The parent-coach relationship is crucial for your athlete's on the field success. Work hard to make it a positive one!

Softball Smarts Tips #142: Parent vs. Coach...More Tips


In a perfect world parents and their athlete's coach(es) get along perfectly. They see eye to eye on how the team is run, agree on game strategies and player roles (particularly a parent's own daughter's role). It's one big happy family!

Now...back to the real world!

Tip #1: Does your daughter's coach have a kid on the team?

If he or she does I believe you have the right and, in fact, the obligation to monitor the coach's use of his or her daughter (particularly if the coach's daughter is the "star" pitcher). Favoritism of daughter and daughter's friends has no place in youth sports and any coach should be held accountable for such.

If the coach does not have a kid on the team you still have every right to question how your daughter is being utilized, however the motives of a non-player parent as coach are different. As a parent coach may have a hard time separating his or her emotions as parent from those as a coach, whereas the non-parent coach should be able to maintain his or her objectivity before, during and after the game.

Tip #2: Is your daughter's coach approachable for a "reasonable" conversation about the team and your athlete's role on it?

Many times I hear horror stories about coaches being unwilling to speak to parents EVER about the team or players. As a coach I get that being challenged on coaching decisions can cause A defensive reaction. However, particularly in a "pay to play" travel dynamic, the parents are the customers and have every right to a few minutes of the coach's time when appropriate (NOT DURING THE GAME!). Approach your daughter's coach in person, by email or phone in a respectful and even tempered way and the coach should be open to a discussion.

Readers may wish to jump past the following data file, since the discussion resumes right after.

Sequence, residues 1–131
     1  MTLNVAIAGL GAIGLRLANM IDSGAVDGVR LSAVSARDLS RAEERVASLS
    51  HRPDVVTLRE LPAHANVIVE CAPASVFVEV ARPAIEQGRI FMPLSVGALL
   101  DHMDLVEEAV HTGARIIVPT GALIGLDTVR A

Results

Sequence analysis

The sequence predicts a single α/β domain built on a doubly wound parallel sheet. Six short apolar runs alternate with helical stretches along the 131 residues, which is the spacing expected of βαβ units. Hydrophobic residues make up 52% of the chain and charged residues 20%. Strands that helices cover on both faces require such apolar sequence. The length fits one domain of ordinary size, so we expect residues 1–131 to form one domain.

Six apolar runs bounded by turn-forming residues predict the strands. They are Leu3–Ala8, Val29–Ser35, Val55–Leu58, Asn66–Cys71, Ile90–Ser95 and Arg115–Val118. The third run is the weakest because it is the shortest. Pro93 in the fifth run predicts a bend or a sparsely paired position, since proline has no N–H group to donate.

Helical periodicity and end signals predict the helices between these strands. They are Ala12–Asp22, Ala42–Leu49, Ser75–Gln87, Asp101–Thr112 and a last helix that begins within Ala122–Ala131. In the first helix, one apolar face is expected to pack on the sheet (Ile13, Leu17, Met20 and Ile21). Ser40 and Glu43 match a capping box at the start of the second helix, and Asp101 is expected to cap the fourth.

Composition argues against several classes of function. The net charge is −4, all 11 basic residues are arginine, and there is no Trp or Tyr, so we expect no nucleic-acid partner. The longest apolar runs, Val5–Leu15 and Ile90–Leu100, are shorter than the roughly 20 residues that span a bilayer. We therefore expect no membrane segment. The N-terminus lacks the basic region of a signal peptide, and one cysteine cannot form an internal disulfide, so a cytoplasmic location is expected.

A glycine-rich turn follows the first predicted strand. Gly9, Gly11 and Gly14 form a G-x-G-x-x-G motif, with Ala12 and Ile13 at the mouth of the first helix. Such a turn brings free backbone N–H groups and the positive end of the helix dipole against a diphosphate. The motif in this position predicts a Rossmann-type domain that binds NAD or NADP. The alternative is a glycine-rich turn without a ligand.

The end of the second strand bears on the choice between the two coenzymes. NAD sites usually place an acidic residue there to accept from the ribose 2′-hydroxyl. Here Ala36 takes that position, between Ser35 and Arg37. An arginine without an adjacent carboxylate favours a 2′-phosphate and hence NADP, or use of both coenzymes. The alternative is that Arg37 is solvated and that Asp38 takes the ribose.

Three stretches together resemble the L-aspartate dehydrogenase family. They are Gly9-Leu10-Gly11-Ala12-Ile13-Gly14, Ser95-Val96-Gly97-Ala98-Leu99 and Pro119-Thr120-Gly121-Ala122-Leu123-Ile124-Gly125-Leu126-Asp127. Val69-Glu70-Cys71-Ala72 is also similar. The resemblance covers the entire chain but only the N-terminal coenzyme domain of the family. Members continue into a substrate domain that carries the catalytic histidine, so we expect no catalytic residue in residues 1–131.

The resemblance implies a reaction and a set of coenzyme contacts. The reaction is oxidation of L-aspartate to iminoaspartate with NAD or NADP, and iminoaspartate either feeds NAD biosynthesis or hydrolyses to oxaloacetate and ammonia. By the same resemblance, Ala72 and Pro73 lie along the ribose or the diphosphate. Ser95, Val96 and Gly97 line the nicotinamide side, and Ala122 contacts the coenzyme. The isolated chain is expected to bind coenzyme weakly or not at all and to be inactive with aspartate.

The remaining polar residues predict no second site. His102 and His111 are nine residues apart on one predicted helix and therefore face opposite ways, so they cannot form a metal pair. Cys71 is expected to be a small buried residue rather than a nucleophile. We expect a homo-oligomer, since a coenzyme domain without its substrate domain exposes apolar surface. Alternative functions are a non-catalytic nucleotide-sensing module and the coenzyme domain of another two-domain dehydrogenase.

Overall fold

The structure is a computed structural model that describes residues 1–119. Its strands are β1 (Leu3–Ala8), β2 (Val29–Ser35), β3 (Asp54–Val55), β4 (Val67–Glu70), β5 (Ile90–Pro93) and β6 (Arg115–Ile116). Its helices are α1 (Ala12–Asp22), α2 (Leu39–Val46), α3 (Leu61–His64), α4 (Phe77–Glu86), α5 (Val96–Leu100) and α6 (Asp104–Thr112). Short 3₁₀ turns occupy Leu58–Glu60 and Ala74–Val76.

Tip #3: Reality check: how good is your daughter...really?

Often parents have excessive perceptions of just how good their athlete is. Subjectivity is a part of parenthood I know, but objectivity for your daughter's talent level will go a long ways towards having a better relationship with coaches and fellow team parents.

Tip #4: Do you trust your daughter's coach?

This is a vitally important question. If you don't trust your athlete's coach's knowledge of the game, coaching philosophy, demeanor, and caring for his players then why is your daughter on the team? I would suggest you employ a litmus test of acceptability (talent, attitude, effectiveness) for your coach and then sit back and relax. Until proven otherwise give your daughter's coach the benefit of the doubt and employ a little trust.

Tip #5: Be a "big picture" thinker

As a coach myself I know that I always approach a new team or new season as a process. With proper coaching and effort by the athletes any player and team should show gradual improvement each week and month as the season progresses. Allow your daughter's coach and his or her staff to work their magic. Give them some time. My teams show remarkable improvement over a 3 or 6 month period, so don't be too quick to lower the boom on the coach after a few weeks. If, however, your athlete or her team are not showing noticeable improvement over time you should question your coach and whether your daughter is on the right team.

The bottom line is that coaches work extremely hard for little or no compensation, so please respect your daughter's coaches and give them every benefit of the doubt until such time you believe you have cause for concern or change.

As always, remember...thoughts are things so choose them wisely!


John Kelly

John Kelly with prized pupil Alison with her 2012 ASA 14u Western National Championship trophy.

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